**Ugh wrote:**
Nah Charlie, I asked you to give a figure in feet, but you only said "6 times higher".

Listen you

- I gave you credence for knowing your six times table

That's wrong anyway because you fell into the trap of thinking that because the moon's gravity is 6 times less than earth's, a moon jumper could jump 6 times higher..

I fell into no trap.

Let me bring Arthur C. Clarke into the playpen, he wrote-

**"High jump....the present terrestrial record is just over seven feet, but this does not mean that a lunar high jumper could do six times this, or forty-two feet................The high jump record for the moon will be around thirty feet..."**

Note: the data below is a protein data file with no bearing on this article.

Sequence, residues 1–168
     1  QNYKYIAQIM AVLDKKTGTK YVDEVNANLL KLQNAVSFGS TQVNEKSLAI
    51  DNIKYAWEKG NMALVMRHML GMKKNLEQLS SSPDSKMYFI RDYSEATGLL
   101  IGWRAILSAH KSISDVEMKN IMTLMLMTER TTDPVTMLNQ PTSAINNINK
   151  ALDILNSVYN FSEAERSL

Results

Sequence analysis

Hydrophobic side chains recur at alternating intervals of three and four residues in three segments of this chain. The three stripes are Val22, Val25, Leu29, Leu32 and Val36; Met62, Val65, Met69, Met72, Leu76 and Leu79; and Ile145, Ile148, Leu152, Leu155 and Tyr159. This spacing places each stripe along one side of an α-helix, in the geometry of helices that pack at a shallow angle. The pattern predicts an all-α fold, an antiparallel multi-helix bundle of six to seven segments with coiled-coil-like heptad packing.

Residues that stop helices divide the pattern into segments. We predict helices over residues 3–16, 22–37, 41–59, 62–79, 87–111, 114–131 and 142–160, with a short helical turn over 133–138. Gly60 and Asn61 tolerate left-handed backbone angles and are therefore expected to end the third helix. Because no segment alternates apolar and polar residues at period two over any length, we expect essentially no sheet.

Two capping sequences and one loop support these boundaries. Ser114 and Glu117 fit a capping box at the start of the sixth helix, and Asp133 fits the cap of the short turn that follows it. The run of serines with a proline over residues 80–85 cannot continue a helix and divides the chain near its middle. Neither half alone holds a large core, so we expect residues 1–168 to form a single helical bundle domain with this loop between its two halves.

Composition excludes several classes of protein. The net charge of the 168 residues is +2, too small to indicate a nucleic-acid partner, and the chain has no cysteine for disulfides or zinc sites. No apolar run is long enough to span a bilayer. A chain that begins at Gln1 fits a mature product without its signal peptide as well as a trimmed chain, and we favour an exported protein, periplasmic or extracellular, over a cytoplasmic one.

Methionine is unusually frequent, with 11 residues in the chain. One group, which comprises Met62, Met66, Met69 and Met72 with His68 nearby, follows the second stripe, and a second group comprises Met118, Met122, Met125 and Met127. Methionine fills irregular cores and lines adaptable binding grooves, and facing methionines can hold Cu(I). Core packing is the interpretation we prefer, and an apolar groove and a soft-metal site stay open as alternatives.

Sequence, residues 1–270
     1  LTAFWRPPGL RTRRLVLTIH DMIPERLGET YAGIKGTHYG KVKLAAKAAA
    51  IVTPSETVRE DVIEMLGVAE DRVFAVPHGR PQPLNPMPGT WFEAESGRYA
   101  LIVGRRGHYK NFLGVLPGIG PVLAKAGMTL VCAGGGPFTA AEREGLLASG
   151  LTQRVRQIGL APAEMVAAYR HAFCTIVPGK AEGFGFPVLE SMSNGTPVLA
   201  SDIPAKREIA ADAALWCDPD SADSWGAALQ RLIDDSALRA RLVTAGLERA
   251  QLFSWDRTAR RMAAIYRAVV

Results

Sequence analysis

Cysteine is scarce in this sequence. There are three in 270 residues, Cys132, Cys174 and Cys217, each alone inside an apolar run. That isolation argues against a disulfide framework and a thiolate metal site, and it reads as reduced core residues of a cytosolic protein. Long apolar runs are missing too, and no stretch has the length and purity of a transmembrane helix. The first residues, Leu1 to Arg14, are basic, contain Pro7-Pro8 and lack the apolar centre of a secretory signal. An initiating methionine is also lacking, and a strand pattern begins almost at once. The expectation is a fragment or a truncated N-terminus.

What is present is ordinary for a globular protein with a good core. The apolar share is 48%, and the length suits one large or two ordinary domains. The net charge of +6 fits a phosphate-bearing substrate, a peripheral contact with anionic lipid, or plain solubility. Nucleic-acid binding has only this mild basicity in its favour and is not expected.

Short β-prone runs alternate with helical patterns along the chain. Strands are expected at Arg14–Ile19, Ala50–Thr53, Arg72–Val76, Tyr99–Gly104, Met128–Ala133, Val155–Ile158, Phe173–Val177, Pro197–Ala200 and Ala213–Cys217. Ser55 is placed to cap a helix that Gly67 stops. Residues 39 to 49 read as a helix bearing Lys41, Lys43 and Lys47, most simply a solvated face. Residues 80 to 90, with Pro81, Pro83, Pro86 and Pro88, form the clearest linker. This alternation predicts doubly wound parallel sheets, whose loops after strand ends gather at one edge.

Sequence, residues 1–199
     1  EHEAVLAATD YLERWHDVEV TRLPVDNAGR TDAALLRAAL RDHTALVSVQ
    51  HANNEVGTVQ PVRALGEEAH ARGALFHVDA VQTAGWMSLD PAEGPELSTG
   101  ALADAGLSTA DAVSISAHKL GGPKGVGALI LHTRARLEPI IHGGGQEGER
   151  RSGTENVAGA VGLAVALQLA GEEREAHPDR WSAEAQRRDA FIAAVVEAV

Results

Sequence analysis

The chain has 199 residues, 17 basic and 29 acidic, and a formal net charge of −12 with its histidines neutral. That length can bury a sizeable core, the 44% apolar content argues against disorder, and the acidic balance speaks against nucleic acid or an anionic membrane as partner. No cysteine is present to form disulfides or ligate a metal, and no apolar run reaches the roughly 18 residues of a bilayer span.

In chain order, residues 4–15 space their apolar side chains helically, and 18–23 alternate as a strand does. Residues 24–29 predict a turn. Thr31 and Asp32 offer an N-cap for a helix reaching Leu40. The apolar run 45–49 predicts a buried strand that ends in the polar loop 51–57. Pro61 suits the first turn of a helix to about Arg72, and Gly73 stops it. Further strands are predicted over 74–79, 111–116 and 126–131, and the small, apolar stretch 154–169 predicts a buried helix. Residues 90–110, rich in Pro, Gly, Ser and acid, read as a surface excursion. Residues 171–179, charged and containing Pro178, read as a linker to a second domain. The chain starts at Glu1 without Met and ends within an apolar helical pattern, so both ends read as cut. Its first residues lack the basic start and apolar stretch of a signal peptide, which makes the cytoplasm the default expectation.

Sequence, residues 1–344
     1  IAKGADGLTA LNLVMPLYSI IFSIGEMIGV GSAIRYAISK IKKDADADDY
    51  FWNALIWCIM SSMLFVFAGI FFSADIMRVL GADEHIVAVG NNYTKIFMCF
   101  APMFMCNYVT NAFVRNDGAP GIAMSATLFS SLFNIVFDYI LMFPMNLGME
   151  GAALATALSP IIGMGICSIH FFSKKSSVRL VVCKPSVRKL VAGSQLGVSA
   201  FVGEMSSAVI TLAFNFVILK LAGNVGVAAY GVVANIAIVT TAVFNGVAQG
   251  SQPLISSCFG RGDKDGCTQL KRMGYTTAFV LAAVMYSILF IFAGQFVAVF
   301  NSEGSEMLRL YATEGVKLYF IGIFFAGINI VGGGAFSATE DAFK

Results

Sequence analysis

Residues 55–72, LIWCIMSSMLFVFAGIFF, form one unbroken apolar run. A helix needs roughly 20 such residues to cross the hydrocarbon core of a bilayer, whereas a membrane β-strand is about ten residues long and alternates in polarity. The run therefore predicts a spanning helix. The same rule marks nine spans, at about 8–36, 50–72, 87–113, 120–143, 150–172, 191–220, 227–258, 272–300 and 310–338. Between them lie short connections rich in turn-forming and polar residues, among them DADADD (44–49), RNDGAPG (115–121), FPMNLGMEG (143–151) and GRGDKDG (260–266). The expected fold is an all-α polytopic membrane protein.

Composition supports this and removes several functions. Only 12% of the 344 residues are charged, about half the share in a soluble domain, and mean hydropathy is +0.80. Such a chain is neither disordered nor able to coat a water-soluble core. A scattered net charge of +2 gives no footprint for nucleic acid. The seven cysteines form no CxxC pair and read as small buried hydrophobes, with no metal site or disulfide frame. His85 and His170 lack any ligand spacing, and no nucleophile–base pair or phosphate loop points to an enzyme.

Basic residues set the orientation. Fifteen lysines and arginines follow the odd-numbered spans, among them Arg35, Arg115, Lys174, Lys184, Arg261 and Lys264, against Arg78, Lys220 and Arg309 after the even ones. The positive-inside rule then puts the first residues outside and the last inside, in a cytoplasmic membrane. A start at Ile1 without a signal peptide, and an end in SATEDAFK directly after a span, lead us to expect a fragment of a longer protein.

Uhuh.

So to redeem yourself, would you care to explain to your enthralled popcorn-munching audience why (as Arthur said) a jumper could only jump 30 feet and not 42 feet on the moon?[/color]

Arthur is referencing the centre of gravity of the jumper. There are way more variables than that though, friction being one of them.

For a vertical jump.....if a man lifts off at 2m per second on Earth, he will do the same on the Moon(probably with a little extra because his muscles are not as constrained). Six times the height, because it is 6 times the difference in gravity. 245% the time because it is the square root of the difference (6).

www.universetoday.com/19710/gravity-on-the-moon/
__Just a specimen analysis:__
The surface acceleration on the moon is 1.624 m/s2. On Earth that figure is 9.807 m/s2. That's 6.04x greater! So a 172 kg suit feels as if it weighs 28.5 kg.

Now

v=a*t → t=v/a

and

D=(1/2)*a*t^2

so

D=(1/2)*a*(v/a)^2 → v^2 / (2*a)

An object propelled from the moons surface at 2 m/s will rise 1.23 m. (4 ft). On Earth the same speed raises you only 203 mm (8 inches).